Topic: Find a good and non-confusing home for the remaining monolith


Yes that would be great, thank you.


Hi all, the 7/24 deadline is tomorrow. Are there any outstanding blockers to execute “plan A”?

If yes, what are they?

If not, @vieux @mavenugo can you point us to the launch checklish and start assigning tasks?

Thanks all


Apologies for the late reply.
Here’s a summary of the main concerns expressed by maintainers at Docker:

  1. We need to find a URL we’re comfortable advertizing for packages like the API client library (possibly the most used one)

E) Other?

Why is this important before making the repo change?
Even though the repository was renamed to, the import paths were not rewritten to moby/moby.
This is not an issue for contributors developing on the engine since it is done in a container with correct import paths.
However, it is an issue for developers importing our Go packages into their own projects, because they need to know to still use the old URLs, which is not obvious. We can still enforce any import path we want with canonical import paths (Go feature). If we were to execute on the repo rename without solving this issue, it will not have cleared confusion.

  1. Renaming the Docker API to Moby Core API.

This is somewhat linked to the previous issue.

a) Today, there is an ecosystem around the Docker API, and there is a technical issue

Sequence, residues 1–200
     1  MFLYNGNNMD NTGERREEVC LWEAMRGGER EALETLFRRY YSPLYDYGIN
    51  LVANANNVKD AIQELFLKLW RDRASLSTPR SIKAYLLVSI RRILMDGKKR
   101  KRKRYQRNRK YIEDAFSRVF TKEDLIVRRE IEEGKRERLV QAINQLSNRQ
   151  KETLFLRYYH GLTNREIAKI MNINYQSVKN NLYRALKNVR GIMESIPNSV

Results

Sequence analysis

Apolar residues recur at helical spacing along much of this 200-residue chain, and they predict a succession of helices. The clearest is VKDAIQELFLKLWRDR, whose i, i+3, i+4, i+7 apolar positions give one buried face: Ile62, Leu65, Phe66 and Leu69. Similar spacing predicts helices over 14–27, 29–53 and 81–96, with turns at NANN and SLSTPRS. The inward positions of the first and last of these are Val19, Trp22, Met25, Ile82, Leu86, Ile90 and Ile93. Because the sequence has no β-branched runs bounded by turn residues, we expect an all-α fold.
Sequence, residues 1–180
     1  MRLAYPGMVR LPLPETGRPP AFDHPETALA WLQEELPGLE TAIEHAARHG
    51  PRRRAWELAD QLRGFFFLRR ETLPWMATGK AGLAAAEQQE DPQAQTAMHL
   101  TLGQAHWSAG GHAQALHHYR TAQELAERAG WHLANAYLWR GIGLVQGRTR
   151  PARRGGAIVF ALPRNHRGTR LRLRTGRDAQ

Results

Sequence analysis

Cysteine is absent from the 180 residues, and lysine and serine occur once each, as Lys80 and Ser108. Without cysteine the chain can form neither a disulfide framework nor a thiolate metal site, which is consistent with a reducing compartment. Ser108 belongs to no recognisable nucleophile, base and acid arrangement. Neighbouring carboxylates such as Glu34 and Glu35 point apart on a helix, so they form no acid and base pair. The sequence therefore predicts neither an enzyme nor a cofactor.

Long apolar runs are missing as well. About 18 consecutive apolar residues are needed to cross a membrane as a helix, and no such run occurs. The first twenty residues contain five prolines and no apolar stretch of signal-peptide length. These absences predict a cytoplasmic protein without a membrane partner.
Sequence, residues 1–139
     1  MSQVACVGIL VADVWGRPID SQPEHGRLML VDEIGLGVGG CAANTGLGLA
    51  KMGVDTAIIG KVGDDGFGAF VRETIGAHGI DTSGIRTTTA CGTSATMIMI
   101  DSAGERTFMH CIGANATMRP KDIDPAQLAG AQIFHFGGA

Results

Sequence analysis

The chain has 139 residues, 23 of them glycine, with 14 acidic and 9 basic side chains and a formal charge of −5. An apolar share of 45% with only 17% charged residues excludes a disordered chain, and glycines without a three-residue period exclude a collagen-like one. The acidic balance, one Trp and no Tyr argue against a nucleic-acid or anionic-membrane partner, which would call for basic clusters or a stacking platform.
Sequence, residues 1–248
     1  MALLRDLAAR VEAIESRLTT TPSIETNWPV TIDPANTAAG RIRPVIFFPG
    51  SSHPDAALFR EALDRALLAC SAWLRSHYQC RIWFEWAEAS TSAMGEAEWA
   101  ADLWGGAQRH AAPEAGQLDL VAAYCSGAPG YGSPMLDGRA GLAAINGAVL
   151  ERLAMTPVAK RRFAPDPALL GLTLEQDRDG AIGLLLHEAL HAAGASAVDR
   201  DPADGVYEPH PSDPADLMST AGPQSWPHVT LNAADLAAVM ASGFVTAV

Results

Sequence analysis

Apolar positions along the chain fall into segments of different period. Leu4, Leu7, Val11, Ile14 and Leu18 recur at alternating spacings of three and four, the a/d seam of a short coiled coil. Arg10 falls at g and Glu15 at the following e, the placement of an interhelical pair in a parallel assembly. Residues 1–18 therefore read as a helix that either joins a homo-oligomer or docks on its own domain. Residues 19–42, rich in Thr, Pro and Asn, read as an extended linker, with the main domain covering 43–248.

since Docker 17.06 for vendoring docker-ce’s API client library:
The point is, there are people who want to interact with the API as it is exposed by
the docker product.

Given that, and if we rename the Docker API to Moby Core API, it seems that we’d need
to ensure, that a released version of the Moby Core API client is compatible with
a released version of Docker. IOW, if there is a bugfix needed in the API types, or client library,
Moby Core maintainers will have to issue a bugfix source release (simply git tag)
before the Docker release can proceed. Otherwise, the API in docker’s product will differ from
the API in Moby Core.

Another possibility is to fork the API, which would bring a lot of confusion and questions
(such as when to use which).

We could also, consider moving the API out again and do git tag releases there.
This caused some pain in the past that could be alleviated with frequent (automated?) vendoring.

In the meantime, a URL could be used as a smart git proxy for the docker-ce repo (Brian is working on this)

b) There may be a risk of confusing users who look for the Docker API and are given an API called “Moby Core” in search results. Would we move all the API docs from to a mobyproject URL ?

  1. Grace period needed to heavily inform the developers

Once we have a plan for the URLs we want to advertize, we should use all our communication tools to spread the word on the